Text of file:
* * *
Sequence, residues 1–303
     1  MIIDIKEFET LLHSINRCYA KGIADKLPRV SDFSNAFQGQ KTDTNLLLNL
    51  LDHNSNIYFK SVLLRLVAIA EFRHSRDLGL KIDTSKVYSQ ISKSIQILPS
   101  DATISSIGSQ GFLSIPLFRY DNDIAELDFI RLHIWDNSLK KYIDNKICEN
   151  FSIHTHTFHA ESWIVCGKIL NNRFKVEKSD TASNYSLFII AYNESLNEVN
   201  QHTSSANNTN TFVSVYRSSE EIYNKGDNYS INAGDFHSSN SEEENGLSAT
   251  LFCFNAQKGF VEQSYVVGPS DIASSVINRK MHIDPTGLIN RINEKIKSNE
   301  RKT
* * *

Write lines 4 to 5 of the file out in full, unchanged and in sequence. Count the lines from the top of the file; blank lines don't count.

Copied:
   101  DATISSIGSQ GFLSIPLFRY DNDIAELDFI RLHIWDNSLK KYIDNKICEN
   151  FSIHTHTFHA ESWIVCGKIL NNRFKVEKSD TASNYSLFII AYNESLNEVN